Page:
I heard offhand about, "The Monks of New Skete," over 30 years ago. Just sounded odd, and I filed it back somewhere in my head. Then I bought their book, "The Art of Raising A Puppy." I was impressed; stuff we never learned in vet school about the stages of development. Should be required reading in vet schools today. Then I bought their other books and DVDs. Their newest is a paperback about using e-collars for training. Very good. No longer the "shock collar" of old.
I'm sure there is stuff on the web that is controversial about the monks, just as you can find crap about anyone there. But I trust them and their commitment to the breed. As with anything in Nature, genetics are a roll of the dice, and there will always be pups that have problems. But most of what you hear is due to Nature versus nurture. People pay a lot of money for a puppy, then do nothing about obedience training. Probably less than 10% of dog owners ever commit the time to a proper obedience course. Or two or three.
I wasn't able to pick Questa up in person; still had NY covid restrictions. She was delivered by a professional service. I really want to visit them some day.
 

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Not here to argue on your choice of breeders. Just a note to people looking to buy and finding this thread. Good message but the Monks would not be my first choice. There are better breeders, that health test and temperament test their dogs thru training and trial in ways the Monks do not, in the U.S. at much better pricing, certainly less than 4,700-5,000. That's an insane price. You would pay that for champion lines show dogs with all the same health testing. Working line dogs are 2500-3000.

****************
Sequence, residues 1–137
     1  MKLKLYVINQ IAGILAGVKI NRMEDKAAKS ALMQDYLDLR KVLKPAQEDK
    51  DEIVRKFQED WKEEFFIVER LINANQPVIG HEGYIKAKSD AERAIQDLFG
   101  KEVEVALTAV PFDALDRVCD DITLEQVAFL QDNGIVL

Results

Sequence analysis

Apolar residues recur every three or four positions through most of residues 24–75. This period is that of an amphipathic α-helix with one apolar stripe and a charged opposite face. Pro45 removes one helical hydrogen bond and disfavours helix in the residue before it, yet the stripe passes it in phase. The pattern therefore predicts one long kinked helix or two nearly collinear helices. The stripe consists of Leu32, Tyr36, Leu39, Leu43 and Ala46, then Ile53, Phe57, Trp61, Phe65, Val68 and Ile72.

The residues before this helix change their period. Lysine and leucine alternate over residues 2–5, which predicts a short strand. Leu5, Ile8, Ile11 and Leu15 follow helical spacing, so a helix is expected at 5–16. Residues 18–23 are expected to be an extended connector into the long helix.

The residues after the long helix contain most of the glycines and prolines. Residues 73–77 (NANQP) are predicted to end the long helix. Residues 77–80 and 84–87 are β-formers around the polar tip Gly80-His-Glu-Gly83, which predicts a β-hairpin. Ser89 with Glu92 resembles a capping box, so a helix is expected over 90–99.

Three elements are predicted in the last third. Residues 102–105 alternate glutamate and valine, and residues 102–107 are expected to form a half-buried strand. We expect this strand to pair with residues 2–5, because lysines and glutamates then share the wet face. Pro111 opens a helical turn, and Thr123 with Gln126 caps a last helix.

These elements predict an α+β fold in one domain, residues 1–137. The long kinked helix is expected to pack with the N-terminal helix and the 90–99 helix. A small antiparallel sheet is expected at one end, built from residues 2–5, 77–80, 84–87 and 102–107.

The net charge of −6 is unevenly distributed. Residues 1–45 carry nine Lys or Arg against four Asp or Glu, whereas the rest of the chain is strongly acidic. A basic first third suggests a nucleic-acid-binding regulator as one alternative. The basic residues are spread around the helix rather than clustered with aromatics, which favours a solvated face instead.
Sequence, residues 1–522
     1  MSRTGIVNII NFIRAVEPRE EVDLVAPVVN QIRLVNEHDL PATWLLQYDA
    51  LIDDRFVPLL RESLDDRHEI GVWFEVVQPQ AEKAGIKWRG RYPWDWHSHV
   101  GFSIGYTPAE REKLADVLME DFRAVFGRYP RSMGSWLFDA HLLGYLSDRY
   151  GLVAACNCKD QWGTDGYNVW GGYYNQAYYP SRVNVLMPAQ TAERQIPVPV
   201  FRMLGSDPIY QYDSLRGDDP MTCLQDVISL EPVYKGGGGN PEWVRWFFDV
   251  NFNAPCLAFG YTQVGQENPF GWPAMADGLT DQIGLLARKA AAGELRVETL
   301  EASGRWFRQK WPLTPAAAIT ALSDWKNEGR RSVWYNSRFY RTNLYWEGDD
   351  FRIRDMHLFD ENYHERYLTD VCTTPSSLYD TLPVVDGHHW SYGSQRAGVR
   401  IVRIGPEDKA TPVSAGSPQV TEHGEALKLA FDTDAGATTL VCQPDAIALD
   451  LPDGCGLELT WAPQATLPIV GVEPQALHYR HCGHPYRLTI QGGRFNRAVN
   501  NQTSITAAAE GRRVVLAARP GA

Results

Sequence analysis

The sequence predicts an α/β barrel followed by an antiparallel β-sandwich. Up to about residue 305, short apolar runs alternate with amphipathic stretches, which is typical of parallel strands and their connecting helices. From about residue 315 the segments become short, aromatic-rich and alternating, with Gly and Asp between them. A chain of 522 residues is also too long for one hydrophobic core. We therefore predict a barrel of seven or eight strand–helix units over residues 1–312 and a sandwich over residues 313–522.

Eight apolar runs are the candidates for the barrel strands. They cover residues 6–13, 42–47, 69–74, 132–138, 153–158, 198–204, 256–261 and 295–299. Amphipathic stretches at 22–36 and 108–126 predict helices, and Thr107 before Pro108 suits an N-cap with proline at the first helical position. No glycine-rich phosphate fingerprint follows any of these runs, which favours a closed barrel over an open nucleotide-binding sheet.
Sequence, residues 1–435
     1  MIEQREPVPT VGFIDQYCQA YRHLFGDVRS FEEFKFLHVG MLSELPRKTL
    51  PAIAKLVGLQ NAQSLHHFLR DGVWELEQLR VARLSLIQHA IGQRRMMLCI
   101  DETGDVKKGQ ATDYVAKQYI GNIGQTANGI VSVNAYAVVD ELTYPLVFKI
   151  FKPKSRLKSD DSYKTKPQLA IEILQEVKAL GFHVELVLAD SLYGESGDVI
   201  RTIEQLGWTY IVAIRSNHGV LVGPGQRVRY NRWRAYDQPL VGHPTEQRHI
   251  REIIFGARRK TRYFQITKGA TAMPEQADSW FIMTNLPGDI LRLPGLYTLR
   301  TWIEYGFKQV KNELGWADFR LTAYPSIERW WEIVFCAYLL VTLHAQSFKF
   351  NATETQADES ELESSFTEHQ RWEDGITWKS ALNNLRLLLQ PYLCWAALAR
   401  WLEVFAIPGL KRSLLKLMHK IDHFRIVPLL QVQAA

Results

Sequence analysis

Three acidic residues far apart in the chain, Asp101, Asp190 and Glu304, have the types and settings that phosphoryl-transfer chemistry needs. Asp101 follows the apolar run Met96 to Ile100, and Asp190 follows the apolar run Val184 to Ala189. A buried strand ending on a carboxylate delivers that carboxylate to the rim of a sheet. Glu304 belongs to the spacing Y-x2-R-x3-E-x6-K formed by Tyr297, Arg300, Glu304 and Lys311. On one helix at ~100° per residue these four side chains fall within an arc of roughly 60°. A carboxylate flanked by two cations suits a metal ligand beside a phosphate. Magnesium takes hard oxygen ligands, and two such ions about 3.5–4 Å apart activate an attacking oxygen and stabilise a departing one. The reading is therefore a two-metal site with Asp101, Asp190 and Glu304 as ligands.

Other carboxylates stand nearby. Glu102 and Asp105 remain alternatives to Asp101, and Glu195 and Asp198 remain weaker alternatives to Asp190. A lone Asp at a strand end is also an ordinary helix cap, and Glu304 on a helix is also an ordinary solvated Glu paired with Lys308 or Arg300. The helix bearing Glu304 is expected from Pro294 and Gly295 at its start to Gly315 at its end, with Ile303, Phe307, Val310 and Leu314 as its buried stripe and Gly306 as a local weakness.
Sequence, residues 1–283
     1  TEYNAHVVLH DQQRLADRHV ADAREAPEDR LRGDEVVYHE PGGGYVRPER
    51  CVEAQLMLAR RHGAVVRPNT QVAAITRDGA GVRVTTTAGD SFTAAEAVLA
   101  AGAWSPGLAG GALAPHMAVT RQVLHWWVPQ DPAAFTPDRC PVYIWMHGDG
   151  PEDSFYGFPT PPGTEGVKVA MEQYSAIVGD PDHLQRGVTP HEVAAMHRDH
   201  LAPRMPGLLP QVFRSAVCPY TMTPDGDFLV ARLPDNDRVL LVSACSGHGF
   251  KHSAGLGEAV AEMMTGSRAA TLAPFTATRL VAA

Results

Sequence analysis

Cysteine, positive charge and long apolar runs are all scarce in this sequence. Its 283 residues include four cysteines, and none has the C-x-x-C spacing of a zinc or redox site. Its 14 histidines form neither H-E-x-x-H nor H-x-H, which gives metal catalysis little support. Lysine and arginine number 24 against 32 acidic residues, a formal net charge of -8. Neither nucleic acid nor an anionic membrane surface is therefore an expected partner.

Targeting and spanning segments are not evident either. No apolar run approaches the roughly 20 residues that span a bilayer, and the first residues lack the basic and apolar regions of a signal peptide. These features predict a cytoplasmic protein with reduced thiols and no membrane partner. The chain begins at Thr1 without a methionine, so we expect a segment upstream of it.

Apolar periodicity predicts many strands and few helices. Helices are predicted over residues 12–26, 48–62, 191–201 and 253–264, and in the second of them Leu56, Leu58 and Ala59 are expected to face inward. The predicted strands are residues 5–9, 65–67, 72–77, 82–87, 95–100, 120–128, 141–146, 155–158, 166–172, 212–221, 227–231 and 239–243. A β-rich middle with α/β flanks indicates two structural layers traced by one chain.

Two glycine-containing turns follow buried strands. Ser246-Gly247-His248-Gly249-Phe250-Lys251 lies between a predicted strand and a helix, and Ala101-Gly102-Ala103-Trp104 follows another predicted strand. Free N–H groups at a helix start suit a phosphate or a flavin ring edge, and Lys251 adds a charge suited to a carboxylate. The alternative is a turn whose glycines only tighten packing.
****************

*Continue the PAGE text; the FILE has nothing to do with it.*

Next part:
An adult dog for 8,500-12,000? Nuts. Because it's been thru basic obedience training? That's the price for a young police dog..

They can charge whatever they want. I don't care. But I don't want new people thinking this is normal pricing for equivalent dogs and puppies.

In regards to OFA...that's not the end all of databases. The SV should be checked as well. In fact, due to the inconsistencies in the OFA results, the SV no longer accepts it for Breed Surveys so neither does the USCA. In addition, the OFA does not give back ratings like the SV does so another thing to look at. So just because a dog is not listed in the OFA, for instance my female is not but has SV hip/elbow/back ratings, does not necessarily nix them from options.

Dogs are living creatures. You can stack the deck in your favor but things happen and our breed has multiple health issues that can pop up later in life and throw a curve ball. Orthos and DM are the easiest things to check and the very base health tests that should be done.

Enjoy your puppy. I'm sure she'll be great. And again - very good message.
 

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I would venture to guess that most here wouldn't recommend the Monk's of New Skeet, due to the multiple reasons JAX listed.... Price is outrageous, and there are a lot of breeders that are breeding to the breed standard, working their dogs and producing quality puppies from those dogs, along with all the necessary health testing for a much more reasonable price..

Good Luck with your pup!!